Alex

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    Default Re: The North Channel by Sail and Oar

    Quote Originally Posted by Tom Jackson View Post
    For next year, I plan to make a storm sail, which I can keep rolled up on a short boom under the thwarts and haul out when necessary. The strategy will be to douse the lugsail and hoist the storm sail on the same mast, with the same halyard. For openers, this will get me down to a single sheet on the mainsail—much easier for solo sailing. Also, not having the long spar aloft will greatly simplify jibes.
    Tom,

    will that be a triangular storm sail, or a mini-lugsail, or something else? How many sq ft of sail are you thinking?

    Tom
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    Default Re: The North Channel by Sail and Oar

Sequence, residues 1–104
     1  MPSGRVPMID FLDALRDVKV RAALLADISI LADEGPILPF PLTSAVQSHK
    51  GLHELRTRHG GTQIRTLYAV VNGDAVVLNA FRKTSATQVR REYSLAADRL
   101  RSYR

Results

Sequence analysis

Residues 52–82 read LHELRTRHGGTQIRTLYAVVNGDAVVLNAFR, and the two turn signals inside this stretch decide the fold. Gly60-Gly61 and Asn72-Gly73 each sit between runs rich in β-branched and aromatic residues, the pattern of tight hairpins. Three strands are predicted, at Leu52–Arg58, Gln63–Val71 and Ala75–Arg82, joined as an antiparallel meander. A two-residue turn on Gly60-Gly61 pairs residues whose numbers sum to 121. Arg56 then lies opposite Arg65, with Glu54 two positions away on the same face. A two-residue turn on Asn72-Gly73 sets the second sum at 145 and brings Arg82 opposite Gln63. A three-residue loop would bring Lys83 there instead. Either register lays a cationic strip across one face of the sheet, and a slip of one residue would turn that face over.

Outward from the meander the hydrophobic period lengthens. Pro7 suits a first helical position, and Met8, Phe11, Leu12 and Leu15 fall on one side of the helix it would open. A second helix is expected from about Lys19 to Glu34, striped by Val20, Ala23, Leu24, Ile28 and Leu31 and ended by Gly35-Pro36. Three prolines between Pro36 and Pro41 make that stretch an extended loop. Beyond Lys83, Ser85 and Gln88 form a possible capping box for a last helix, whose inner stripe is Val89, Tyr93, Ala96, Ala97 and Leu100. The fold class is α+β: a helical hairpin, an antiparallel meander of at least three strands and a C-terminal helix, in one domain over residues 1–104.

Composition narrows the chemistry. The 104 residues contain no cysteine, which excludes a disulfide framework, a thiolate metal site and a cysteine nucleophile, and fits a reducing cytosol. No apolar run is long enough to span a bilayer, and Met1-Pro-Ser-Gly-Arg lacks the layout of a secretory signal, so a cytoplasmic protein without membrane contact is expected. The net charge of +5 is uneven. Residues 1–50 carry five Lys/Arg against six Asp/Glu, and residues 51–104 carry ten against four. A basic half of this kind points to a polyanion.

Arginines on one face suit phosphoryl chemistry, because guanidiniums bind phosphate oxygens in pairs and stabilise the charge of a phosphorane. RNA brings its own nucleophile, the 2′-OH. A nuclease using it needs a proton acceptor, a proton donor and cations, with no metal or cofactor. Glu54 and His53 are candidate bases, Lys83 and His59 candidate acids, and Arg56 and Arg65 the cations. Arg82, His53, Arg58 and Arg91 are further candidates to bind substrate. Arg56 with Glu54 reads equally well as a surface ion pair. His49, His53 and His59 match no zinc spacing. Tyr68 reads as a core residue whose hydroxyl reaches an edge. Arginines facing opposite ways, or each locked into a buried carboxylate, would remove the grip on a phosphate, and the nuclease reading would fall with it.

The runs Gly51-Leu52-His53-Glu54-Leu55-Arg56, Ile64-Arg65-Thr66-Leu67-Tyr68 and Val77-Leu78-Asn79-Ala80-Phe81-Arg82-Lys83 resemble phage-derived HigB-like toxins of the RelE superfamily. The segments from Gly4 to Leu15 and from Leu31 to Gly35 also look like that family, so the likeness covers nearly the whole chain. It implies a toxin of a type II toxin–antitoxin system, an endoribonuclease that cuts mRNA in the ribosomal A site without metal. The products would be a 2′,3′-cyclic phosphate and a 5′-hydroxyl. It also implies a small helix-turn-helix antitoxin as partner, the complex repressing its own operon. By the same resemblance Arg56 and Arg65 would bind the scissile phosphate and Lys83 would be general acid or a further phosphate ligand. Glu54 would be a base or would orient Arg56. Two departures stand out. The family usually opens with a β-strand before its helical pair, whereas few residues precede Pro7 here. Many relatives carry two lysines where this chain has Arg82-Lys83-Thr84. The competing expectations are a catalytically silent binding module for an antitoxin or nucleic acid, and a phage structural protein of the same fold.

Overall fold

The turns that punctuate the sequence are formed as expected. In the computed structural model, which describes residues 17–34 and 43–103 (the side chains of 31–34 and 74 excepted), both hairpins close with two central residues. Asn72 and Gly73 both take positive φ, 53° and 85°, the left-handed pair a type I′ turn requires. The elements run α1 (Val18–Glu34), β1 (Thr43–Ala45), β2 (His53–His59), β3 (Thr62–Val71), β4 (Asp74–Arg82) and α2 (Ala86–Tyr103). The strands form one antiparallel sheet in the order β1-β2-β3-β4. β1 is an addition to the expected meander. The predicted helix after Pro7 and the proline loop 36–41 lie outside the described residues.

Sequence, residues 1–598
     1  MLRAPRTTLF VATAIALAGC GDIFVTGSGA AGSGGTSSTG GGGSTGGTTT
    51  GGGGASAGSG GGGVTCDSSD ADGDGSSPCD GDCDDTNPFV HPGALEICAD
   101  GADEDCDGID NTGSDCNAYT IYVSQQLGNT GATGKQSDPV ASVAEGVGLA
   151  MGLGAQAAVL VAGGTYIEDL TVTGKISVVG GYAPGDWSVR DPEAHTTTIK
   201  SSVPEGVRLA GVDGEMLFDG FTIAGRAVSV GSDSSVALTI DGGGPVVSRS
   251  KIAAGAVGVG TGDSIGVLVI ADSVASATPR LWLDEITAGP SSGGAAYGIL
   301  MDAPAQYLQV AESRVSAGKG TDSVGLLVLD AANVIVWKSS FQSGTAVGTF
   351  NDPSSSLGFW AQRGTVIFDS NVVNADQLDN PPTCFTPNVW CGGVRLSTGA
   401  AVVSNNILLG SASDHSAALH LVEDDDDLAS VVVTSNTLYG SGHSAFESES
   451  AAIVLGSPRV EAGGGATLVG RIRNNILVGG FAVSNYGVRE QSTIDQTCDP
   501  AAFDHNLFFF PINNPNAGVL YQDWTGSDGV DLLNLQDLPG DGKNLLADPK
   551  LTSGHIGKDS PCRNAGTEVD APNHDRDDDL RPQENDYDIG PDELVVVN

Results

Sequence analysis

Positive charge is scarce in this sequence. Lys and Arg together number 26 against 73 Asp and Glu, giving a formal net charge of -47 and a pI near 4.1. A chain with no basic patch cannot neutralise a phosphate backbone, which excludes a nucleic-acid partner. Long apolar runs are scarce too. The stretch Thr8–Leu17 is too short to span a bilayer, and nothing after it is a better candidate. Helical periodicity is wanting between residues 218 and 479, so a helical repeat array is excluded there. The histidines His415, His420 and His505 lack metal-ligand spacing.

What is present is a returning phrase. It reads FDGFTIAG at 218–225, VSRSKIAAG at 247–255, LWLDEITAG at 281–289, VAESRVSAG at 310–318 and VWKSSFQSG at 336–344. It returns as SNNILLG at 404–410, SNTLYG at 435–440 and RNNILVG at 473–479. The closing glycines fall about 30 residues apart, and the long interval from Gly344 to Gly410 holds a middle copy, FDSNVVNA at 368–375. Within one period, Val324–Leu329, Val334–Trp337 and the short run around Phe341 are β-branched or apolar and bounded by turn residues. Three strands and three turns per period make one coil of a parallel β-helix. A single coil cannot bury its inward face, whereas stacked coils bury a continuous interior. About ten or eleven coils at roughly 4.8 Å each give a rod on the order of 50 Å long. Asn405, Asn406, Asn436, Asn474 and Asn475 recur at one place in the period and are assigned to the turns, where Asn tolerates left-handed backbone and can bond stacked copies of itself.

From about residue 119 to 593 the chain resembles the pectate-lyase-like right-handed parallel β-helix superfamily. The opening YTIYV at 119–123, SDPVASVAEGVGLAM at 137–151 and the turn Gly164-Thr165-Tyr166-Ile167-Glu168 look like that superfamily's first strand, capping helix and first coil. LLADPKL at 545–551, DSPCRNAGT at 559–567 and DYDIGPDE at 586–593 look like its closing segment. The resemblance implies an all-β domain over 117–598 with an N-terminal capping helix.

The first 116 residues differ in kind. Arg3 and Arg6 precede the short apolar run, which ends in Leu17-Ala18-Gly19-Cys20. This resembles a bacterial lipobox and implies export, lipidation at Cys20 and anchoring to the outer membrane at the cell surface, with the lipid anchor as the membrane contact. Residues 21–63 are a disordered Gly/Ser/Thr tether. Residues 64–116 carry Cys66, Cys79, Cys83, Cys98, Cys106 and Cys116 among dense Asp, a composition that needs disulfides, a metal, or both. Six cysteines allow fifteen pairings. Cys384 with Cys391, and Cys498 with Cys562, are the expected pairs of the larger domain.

Quote Originally Posted by Don Kurylko View Post
    . . . you might be able to get one of the local Forumites with a motor boat to tow a string of you up for the occasion. . .

    Are you being deliberatively provocative there Don? Good grief! If we can't get there by sail & oar alone then we ain't coming! Oh yeah, and we'll be there all right! The gauntlet has been thrown! Sydney Spit it is, but ain't no motorboater sissies invited to this party. I'll be launching from Anacortes and meeting you there.

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    Default Re: The North Channel by Sail and Oar

    Quote Originally Posted by James McMullen View Post
    I'll be launching from Anacortes and meeting you there.
    Pfft. A real tough-guy would launch from Lake Union. Or Kingston.

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    Default Re: The North Channel by Sail and Oar

    I guess I better finish the story of my summer travels. I rounded Drummond Island to the south--a few houses here and there, but still plenty of deserted shoreline to camp on (if you've already cleared Customs, of course).